The margins are ambiguous in every case... that's what makes them margins.

> >Electronic distribution inherently removes publisher control.
> Yes, I think that's right.

So, if we want to keep copyrights, we have to make distribution a moral or
practical issue for every person.

The moral issue will be a tough sell because there are people (like me)
who believe they have an OBLIGATION to make sure non-personal, generally
useful information is available to anyone that wants it.

So give me a PRACTICAL reason not to share information I have with someone
who needs it.

> >Copyright itself is meaningless in a world where copying is 
> >ubiquitous and necessary.
> I think that's wrong.  It depends on metering.

Not quite sure what you mean by "metering".

> I agree with that.  As noted above, I'm trying to figure out a more
> nuanced view than "monopoly" or "free-for-all."  You may tell me that
> there is no sensible middle ground, and you may be right.  But I'm not
> there at the moment.

I really believe that my "spheres of interaction" distinction would be
sensible and in the middle ground.

> >This is definitely the tack their pitching.  But the one 
> >you're pitching isn't much better... it denies any other motive
> >beside profit and removes the public's interest in non-commercial
> >work.
> I don't mean to do either thing.  I certainly don't subjectively do
> them. There are certainly motives other than profit, and there's lots
> of stuff that is non-commercial.  But the profit motive exists and
> lots of commercial stuff exists, and any regime we set up has to deal
> with them.

I agree that the profit motive exists.  But you have yet to show me why
you think we grant copyright to non-commercial works of authorship.  If
the purpose of copyright is protection of profit, why would we bother
spending public resources on protecting not-for-profit works?

> Maybe both are equally bad.  Bear in mind that I am a Washington DC
> lawyer, basically a policy wonk doing telecom/Internet regulatory
> policy.  That no doubt warps my worldview in ways I can barely
> perceive.

We've been coaxed, as a society, to believe that what's good for business
is good for the public... and, in a bizarre reversal, the public should
act in the best interest of business.

I don't blame anyone for being knee deep in that.  It's all around us
every day and nearly all of our information and reasoning is coming from
big business.

> Well, that's the power of their meme.  So you have Jack Valenti and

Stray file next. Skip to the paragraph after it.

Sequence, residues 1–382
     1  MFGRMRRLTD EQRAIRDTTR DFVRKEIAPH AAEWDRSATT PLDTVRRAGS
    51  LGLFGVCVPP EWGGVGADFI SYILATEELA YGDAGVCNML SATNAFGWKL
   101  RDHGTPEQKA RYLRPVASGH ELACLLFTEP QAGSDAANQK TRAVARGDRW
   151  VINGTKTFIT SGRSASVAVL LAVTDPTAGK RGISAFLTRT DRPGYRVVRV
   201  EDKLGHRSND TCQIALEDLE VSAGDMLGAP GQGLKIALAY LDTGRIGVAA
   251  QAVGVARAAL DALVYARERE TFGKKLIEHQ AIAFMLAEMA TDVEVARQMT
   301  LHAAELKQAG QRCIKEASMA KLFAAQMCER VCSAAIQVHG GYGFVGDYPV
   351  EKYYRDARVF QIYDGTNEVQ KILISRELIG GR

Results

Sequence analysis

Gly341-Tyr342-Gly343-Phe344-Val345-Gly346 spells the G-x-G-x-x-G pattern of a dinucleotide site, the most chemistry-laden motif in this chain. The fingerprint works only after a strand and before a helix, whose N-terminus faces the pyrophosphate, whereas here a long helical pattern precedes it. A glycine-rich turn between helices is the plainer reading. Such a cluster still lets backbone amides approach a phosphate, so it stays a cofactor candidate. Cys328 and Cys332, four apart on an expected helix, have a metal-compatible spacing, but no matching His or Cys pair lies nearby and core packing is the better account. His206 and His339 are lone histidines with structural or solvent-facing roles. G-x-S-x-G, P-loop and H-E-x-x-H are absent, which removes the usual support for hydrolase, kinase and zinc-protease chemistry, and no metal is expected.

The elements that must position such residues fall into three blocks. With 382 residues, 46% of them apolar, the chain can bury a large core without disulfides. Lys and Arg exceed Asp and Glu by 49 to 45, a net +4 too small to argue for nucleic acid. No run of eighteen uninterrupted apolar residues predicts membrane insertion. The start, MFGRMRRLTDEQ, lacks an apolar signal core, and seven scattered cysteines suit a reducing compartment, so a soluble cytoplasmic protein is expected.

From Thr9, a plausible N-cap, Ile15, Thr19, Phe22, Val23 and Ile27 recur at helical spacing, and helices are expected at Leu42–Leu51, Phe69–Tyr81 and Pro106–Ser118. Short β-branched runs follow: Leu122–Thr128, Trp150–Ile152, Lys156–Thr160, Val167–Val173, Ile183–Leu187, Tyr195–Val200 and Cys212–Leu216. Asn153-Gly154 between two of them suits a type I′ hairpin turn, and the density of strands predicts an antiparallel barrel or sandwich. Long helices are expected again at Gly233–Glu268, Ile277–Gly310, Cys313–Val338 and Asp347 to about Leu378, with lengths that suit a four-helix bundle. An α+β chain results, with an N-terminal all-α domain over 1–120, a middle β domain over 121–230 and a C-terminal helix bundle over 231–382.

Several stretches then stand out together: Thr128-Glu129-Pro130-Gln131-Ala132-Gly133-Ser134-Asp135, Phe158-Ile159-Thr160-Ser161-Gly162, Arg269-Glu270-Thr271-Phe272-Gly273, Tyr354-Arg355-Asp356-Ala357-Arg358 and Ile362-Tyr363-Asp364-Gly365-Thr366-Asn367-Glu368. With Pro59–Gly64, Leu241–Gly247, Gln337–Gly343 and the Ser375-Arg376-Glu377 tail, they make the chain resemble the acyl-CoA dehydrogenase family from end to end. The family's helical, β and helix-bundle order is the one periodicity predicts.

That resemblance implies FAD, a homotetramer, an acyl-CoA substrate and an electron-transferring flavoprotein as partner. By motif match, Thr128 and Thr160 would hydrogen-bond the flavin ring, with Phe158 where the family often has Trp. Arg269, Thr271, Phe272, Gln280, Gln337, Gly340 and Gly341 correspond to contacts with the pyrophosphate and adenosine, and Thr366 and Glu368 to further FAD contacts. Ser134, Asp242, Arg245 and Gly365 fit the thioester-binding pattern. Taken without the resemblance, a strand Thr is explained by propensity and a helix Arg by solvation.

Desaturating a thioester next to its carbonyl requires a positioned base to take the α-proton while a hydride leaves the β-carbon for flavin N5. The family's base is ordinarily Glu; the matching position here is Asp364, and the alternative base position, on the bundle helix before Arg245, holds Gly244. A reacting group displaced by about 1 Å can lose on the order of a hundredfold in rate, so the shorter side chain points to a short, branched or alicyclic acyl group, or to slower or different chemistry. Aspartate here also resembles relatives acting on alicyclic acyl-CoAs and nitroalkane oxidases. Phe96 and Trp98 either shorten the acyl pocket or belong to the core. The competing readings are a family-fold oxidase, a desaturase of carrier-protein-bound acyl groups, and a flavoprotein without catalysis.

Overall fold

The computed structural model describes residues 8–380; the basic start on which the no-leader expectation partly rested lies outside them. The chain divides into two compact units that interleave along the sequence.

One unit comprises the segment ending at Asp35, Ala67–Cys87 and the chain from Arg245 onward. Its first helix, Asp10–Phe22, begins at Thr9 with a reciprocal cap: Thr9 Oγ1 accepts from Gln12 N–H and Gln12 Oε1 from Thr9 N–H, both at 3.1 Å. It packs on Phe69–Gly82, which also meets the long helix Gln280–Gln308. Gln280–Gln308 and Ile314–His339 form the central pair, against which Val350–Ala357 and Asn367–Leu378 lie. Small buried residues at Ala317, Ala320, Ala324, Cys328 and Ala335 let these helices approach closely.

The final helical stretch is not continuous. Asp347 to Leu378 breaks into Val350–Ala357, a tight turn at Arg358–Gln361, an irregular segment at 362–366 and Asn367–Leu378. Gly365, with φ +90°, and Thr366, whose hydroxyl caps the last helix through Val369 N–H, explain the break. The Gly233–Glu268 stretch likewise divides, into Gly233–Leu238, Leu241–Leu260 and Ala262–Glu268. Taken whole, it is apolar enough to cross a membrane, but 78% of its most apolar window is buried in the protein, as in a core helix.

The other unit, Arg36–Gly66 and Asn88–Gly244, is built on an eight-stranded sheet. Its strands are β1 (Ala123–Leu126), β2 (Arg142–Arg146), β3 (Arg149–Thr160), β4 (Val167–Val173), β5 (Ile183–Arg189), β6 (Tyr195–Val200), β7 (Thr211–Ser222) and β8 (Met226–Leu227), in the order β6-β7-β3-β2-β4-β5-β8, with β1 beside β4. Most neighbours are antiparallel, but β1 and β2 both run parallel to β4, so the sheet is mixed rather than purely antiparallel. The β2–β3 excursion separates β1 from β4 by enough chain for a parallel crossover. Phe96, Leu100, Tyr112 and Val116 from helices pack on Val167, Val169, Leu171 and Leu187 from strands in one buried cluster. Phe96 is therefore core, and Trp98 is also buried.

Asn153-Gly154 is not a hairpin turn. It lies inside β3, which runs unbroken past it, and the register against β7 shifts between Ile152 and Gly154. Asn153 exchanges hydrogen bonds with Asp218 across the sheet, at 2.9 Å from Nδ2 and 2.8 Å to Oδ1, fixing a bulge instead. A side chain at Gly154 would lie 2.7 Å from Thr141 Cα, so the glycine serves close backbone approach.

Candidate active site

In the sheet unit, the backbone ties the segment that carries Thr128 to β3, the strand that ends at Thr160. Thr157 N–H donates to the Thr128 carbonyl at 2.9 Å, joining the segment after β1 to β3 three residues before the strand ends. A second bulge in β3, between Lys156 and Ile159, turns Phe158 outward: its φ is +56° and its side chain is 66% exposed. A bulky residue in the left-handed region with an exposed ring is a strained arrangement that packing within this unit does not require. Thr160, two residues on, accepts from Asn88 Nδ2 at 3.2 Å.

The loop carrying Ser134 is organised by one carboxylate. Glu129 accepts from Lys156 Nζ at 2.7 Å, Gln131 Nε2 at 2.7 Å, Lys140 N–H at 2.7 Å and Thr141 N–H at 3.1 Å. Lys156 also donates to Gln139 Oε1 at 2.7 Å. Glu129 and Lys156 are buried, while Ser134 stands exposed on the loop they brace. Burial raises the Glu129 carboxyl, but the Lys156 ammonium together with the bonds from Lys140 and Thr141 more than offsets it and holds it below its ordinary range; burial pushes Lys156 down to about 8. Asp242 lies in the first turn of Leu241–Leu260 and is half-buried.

> Carey Sherman waxing eloquent on behalf of the natural rights of the
> poor struggling artists and the inherent creative good of people
> everywhere.  I'm sorry if my bullshit detector goes off at full volume
> in that context, but it does.  That, if nothing else, has led me to
> critically examine not merely the romantic appeal of the "natural
> rights of authors" theory, but also the logic it has in the real world
> of the studios and the publishing houses and RIAA.  Guess where full
> respect for such "rights" gets you: the DMCA and worse.

I totally agree.  The idea that copyright is NOT granted by the public and
is somehow an inherent Natural right like life, liberty, etc. leads
directly to law that restricts the life, liberty, etc. of the majority in
favor of a minority.

I agree that the restriction of the majority's rights is by choice in
order to grant a new, unnatural right for some limited time, for some
other benefit... a public benefit.

> Maybe.  Your suggestion contains the empirical assertion that creative
> folks would produce enough good stuff we care about without government
> intervention to create profit opportunities at all.  Maybe you're
> right. I'll ponder this a bit and see what I think...

Well, I point you to Shakespeare, Euclid, Van Gogh, and myriad authors and
inventors of the past who did their work for reasons other than artificial

Even today, I point you to independent filmmakers who put themselves (and
their families) into debt to create a thing of beauty that would otherwise
not exist... and people like my father, who invented and built, in his
day, numerous tools and jigs to improve his crafts and shared those
inventions with the world (and hopefully, in some small way, improved it).

     Jeme A Brelin
    jeme at brelin.net
 [cc] counter-copyright